For me, this was a bit refreshing because I do like the commentary, and some ads are cringeworthy and overhyped. For the audiences in Britain however, the actual goal as reported by the Huffington Post was to convert “casual (if somewhat confused) U.K. spectators into loyal NFL fans.”
On this point, it must be said that the NFL already has a large British fan base, and in recent years, more NFL games have been played in London as the league expands its International Series and demand for more games grows. In the upcoming 2016 season, three games will be played in London – two at Wembley and one at Twickenham – and at least one of those them is already sold out. With this in mind and the home-grown increase in NFL popularity, the inevitable question for the last couple of years has been whether the league will establish a permanent team in the UK’s capital city.
This is something on which I have mixed feelings. It is one of those which would be intriguing to see happen, because the UK is like the US in many ways and having a football team would strengthen the already strong cultural relationship between us. Make no mistake, a British NFL team is something in which I would take a huge personal interest to see how it works out and I would probably be among its biggest fans because it would be such a unique enterprise in my favorite country in the world outside of my own.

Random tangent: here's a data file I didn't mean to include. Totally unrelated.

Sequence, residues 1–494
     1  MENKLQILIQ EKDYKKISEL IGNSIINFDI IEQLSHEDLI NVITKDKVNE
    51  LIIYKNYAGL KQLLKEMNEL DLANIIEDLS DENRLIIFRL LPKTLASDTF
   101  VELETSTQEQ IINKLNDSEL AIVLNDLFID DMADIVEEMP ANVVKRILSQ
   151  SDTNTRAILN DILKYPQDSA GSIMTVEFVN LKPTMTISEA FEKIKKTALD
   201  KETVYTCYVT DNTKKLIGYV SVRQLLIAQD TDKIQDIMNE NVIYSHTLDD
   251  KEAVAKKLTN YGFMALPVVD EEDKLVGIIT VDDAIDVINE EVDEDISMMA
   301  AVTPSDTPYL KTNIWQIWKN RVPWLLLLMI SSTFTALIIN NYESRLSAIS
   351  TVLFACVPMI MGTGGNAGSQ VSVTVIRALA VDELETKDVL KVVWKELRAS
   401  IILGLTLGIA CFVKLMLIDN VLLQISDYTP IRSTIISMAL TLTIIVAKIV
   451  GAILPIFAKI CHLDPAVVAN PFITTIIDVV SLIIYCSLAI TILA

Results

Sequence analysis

However, I do feel that it would be quite unusual for something so American to be permanently established in the UK. Yes, the football developed in Britain is in the United States, but it is a global sport in a way our football is not. Britain already has a firmly-rooted culture in what we call soccer, and it is difficult to see the NFL coming in to coexist with that. The potential fan base for a British NFL team in London would have to display a certain sort or amount of demand and enthusiasm in order to make such an investment worthwhile. Furthermore, there are the logistical issues of transporting the London-based team and the other teams across the Atlantic on a regular basis for home and away games, which will place much stress and strain on the teams and individual players.
Nonetheless, Chancellor George Osborne is keen on bringing the NFL to Britain on a permanent basis, in part because of the foreign investment that it would bring, and has said that he will assist in whatever way to make it happen.
For now though, it is probably best to keep the current system the way it is with the occasional games, and I would argue that the league should try out holding games in other big cities of the UK, such as Birmingham, Glasgow, and Manchester. The NFL is obviously popular in Britain and there is a base of fans who wish to see more, but the league needs to think long and hard before making such a grand leap across the Pond.